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Executive Summary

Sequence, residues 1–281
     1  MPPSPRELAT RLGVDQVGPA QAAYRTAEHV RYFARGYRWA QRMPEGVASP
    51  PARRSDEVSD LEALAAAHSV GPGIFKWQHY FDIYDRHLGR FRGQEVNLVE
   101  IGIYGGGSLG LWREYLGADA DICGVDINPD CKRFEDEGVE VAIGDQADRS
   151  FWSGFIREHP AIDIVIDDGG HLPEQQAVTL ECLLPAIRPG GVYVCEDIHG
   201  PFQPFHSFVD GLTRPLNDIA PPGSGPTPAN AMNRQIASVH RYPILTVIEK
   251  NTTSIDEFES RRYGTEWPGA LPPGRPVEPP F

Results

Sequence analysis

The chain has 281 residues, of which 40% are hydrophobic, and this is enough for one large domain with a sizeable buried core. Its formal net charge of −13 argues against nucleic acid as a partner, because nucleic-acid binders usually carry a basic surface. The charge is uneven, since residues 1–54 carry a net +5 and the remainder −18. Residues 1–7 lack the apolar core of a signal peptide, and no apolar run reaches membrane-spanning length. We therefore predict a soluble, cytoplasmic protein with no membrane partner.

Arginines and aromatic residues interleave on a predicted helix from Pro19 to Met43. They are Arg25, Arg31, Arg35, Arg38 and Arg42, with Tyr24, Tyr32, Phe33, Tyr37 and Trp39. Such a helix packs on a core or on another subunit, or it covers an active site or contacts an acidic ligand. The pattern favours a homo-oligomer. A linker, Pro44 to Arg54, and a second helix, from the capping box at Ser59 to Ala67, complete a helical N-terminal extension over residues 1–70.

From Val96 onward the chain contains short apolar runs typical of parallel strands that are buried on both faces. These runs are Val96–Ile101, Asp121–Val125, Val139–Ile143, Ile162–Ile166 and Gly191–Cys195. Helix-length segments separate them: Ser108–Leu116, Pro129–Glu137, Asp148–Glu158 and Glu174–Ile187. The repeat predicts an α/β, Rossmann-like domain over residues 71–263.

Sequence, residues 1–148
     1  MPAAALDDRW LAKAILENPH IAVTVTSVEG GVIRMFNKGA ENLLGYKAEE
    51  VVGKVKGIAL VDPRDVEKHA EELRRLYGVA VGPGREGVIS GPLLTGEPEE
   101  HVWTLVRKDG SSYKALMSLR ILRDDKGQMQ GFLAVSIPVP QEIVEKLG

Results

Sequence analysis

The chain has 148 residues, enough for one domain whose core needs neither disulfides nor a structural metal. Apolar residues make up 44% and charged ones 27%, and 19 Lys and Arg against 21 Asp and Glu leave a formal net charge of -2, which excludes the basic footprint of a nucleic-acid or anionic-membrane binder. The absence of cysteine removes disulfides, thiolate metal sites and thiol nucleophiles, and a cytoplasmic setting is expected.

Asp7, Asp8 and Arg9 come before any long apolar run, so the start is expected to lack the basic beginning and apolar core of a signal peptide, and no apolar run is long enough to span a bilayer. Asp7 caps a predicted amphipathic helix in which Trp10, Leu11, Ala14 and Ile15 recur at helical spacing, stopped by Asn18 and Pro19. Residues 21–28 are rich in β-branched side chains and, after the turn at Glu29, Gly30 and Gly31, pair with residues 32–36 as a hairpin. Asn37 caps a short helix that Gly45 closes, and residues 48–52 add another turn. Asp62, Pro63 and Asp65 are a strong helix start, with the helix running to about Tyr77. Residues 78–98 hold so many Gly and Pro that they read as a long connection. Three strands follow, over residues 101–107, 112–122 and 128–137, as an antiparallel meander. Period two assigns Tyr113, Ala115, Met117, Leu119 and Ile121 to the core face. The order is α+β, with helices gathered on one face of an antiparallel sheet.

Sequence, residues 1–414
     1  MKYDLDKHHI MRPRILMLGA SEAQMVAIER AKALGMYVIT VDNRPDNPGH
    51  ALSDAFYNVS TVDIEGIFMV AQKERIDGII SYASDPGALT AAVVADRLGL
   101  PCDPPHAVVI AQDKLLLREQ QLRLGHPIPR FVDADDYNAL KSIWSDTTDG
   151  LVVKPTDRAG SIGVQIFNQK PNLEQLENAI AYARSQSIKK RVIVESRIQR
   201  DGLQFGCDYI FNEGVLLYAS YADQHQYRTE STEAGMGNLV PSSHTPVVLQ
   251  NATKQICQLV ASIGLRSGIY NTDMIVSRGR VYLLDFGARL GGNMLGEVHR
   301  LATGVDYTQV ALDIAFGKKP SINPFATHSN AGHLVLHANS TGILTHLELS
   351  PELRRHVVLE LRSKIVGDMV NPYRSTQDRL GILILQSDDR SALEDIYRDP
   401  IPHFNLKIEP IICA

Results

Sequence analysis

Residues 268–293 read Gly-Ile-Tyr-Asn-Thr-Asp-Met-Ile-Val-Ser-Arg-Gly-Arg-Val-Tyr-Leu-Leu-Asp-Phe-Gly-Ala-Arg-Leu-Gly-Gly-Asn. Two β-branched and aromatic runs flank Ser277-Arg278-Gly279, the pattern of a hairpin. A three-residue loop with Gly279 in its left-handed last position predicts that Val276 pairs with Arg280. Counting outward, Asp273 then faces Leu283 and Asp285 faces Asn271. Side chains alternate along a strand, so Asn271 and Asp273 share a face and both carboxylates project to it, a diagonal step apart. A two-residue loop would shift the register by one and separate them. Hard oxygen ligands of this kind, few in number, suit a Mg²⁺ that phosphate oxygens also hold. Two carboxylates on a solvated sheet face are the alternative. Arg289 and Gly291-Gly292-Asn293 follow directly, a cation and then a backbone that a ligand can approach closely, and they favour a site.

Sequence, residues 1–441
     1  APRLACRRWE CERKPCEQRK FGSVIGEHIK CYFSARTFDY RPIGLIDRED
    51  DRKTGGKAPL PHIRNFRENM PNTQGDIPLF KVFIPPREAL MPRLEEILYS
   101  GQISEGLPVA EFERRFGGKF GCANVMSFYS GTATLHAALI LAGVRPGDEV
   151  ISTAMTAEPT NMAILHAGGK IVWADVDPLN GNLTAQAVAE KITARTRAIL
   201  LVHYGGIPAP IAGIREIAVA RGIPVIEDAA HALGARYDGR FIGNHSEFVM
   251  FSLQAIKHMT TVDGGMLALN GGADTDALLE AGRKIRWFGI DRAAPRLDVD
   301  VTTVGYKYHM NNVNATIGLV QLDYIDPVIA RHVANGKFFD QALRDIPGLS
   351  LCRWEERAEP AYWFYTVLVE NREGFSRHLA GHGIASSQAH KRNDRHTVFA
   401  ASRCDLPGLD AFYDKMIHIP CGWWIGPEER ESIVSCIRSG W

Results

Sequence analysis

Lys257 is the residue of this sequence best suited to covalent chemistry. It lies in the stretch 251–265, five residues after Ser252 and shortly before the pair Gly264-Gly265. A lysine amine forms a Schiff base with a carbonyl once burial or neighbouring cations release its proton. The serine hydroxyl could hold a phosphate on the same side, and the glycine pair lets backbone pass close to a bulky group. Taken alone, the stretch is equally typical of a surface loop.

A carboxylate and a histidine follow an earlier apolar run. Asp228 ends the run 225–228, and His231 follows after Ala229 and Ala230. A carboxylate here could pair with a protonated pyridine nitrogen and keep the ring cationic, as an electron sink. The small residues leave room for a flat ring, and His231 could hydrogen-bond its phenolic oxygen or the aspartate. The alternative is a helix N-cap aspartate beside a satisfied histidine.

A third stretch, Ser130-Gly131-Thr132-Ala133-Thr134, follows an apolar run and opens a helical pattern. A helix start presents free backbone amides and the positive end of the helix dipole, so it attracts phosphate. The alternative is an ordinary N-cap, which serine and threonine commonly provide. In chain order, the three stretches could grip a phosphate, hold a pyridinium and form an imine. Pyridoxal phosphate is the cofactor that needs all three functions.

CENTOCOR WILL PAY XOMA ROYALTIES ON FUTURE U.S. SALES OF CENTOXIN (HA-1A) under a court order handed down Dec. 10 in San Francisco federal court. Judge Robert Schnacke's decision follows an Oct. 28 jury decision finding that Centocor's HA-1A monoclonal antibody for the treatment of gram-negative septic shock infringes Xoma's patent for its MAb product, E5, in the case Xoma v. Centocor ("The Pink Sheet" Nov. 4, T&G-1). Monetary payments to be made by Centocor to Xoma have not yet been determined; the order states that payments "will be determined by this court on the application of the plaintiff thereof." Xoma said it plans to apply for that determination before the end of the year. Xoma had requested that the court enjoin Centocor from selling HA-1A if approved in the U.S. -- a request that, if granted, would have left the U.S. market without a treatment for gram-negative bacteremia until the approval of Xoma's E5. The order provides an arrangement that will allow either product on the market as soon as it obtains FDA approval. The judge's order adds that "Nothing in this order shall preclude either party from seeking further legal or equitable relief from this Court," leaving Xoma the option of later requesting an injunction on the sale of HA-1A. If Centoxin is the first agent approved by FDA, Xoma would have to wait until E5 also is approved before the judge is likely to entertain an injunction against Centoxin. If E5 is the first agent approved, Xoma may file for an injunction immediately. Centoxin was found to be safe and effective for presumptive gram-negative bacteremia in patients with or without septic shock by FDA's Vaccines & Related Biological Products Advisory Committee on Sept. 4 ("The Pink Sheet" Sept. 9, p. 14). The committee put consideration of E5 on hold pending additional analyses of Xoma's two pivotal clinical trials ("The Pink Sheet" Sept. 9, p. 17). Shortly after the committee meeting, FDA's review of E5 was switched to the Division of Bacterial Products. The switch, however, left unclear what the effect would be on the product's continued review within the agency ("The Pink Sheet" Sept. 23, T&G-1). Centocor said it is "encouraged" by the Dec. 10 court order since it vacates the hearing on Xoma's motion for injunctive relief, putting any such action into the future. Any future injunction would be the subject of a new hearing. Another provision of the order requires Centocor to provide by Jan. 1, 1992, "and by the first day of each calendar month thereafter," a report detailing "all instances in which a dose of HA-1A has been used or sold in the United States." The report is to include financial details of each use, and should include information on all use of HA-1A since Nov. 1. Centoxin has been part of an open-label trial, which counted as Centocor's second pivotal clinical. Centocor has not decided yet whether to appeal the jury's decision. The company need not make that decision until 30 days after final judgment is entered by the court, the company said. Currently, the court is considering Centocor's motion for a "judgment notwithstanding the original verdict, or in the alternative, a new trial." That motion is set for a hearing on Jan. 31. A motion asking a judge to overturn a jury verdict, however, is not often granted. Centocor has open a number of options. The company may choose to countersue Xoma for infringement of the HA-1A patent. Alternatively, the company may file a patent interference with the U.S. Patent & Trademark Office. The company received a patent for its antisepsis monoclonal on Oct. 15.

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